The Angling Trust has criticised a press release issued by the Environment Food and Rural Affairs (EFRA) Select Committee for failing to represent accurately the contents of its report on last winter’s floods.
The EFRA press release and headlines highlighted the need for more environmentally-damaging dredging of rivers and streams. The EFRA report itself is much more balanced, recognising that dredging has only limited benefit and that it would not have prevented the Somerset Levels flooding.
The report quotes extensively a report by the Chartered Institute of Water and Environmental Management (CIWEM), which was supported by the Blueprint for Water coalition including the Angling Trust, and cast doubt on the effectiveness of dredging apart from in particular situations.
The EFRA committee conclusion on dredging in the report was that it “can be beneficial in certain circumstances and as part of a portfolio of measures, but it should not be seen as an all-purpose solution.”
However, Anne McIntosh MP, the Chair of the EFRA Committee, is quoted in the press release as saying: “We have repeatedly called on the Government to increase revenue funding so that necessary dredging and watercourse maintenance can be carried out.”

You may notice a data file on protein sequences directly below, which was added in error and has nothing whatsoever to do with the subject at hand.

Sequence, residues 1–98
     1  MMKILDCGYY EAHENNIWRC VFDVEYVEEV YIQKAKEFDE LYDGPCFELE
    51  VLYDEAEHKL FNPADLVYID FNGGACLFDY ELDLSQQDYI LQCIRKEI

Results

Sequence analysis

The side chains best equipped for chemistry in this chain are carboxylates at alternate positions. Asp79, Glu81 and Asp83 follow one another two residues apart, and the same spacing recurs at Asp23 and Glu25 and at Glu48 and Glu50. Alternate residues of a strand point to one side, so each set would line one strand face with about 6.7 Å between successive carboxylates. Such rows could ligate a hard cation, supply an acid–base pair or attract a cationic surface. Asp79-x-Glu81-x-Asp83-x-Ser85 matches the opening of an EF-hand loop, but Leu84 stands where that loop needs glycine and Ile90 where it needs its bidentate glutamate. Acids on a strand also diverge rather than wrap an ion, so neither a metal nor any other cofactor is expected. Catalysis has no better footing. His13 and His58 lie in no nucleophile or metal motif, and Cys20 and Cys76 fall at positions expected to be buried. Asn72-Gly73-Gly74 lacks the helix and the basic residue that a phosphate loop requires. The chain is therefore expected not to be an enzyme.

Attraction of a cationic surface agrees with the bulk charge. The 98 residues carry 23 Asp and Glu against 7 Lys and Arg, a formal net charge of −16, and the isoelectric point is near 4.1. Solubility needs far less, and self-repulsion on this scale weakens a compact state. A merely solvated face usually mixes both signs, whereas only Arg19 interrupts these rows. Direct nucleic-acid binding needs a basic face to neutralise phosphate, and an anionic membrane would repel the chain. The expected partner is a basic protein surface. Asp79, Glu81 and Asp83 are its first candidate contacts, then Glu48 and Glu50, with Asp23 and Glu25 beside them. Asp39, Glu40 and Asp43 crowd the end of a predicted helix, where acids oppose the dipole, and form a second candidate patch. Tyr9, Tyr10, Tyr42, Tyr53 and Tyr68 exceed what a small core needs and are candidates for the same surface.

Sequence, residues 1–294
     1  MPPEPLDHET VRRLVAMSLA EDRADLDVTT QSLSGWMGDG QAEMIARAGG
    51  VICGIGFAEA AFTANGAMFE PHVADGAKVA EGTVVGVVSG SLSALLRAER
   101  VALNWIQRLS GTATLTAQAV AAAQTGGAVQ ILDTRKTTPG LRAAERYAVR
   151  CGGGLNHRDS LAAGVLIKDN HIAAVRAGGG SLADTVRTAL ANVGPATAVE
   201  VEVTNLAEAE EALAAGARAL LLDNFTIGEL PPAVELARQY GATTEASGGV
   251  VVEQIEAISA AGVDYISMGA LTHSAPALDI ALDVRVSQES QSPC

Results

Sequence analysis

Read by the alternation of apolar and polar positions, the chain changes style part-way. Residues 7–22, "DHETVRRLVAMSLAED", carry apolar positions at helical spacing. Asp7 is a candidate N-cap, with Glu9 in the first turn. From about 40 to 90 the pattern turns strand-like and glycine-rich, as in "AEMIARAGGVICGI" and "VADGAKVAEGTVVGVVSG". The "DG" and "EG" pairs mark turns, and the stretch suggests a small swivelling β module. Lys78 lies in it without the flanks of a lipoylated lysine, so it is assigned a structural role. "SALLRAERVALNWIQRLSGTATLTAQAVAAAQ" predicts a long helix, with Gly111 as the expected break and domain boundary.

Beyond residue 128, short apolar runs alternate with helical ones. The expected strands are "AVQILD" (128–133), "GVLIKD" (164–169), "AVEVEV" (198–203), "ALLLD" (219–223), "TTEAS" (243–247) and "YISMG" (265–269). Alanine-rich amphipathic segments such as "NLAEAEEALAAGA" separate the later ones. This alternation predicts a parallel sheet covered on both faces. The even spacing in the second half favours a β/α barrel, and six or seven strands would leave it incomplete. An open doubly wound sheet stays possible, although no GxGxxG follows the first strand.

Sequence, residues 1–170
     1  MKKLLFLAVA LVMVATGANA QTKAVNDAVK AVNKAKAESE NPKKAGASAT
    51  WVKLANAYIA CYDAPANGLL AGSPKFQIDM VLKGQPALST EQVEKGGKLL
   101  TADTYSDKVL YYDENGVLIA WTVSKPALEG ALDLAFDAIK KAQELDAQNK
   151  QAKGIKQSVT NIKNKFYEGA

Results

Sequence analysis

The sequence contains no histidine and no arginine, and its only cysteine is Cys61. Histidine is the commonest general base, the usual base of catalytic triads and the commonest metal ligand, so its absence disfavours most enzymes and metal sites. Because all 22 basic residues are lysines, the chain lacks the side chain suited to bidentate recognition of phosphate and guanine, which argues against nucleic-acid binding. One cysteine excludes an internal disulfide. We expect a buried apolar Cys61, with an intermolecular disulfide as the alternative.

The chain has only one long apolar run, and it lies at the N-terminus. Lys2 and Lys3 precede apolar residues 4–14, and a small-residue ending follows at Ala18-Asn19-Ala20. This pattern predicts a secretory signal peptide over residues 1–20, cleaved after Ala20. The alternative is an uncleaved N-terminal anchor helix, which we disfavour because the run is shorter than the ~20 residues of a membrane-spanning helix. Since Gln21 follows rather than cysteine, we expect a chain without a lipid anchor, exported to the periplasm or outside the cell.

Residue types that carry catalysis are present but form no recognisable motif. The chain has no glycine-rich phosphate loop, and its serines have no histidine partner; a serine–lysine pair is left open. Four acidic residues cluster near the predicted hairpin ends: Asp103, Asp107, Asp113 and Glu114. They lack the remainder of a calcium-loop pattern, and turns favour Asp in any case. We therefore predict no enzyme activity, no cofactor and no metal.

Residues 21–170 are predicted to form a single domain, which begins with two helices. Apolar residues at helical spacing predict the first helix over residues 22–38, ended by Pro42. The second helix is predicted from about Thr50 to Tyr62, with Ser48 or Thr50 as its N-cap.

The press release goes on to say: “The Committee calls for fully funded plans to address the current backlog of dredging and watercourse maintenance.”
The report also fails even to mention run-off from agricultural land, which is a major cause of flooding and the source of most of the silt that accumulates in rivers. Modern agriculture, with large machines operating at times of the year when the ground is saturated, causes soils to become compacted.
This reduces their ability to soak up rainfall and water washes off the surface carrying soil, fertiliser, pesticides and other pollutants into watercourses. Agriculture now rivals sewage as the main cause of pollution in rivers.
Mark Lloyd, Chief Executive of the Angling Trust & Fish Legal, said: “The press release issued by EFRA has muddied the waters in this debate by perpetuating the myth that dredging is the solution to flooding. It may have a role to play in a few particular situations, as part of a suite of measures, but generally it is a pointless waste of money and can actually make flooding worse.”
“If we are to reduce the risk of flooding we need to take urgent and widespread action to change land use practices to stop water washing off compacted fields which causes flooding and pollution on a vast scale. This debate has focussed far too much on how to prevent farmers’ fields flooding when it should be discussing how to prevent farmers’ fields causing flooding,” he added.
Press Release, June 19, 2014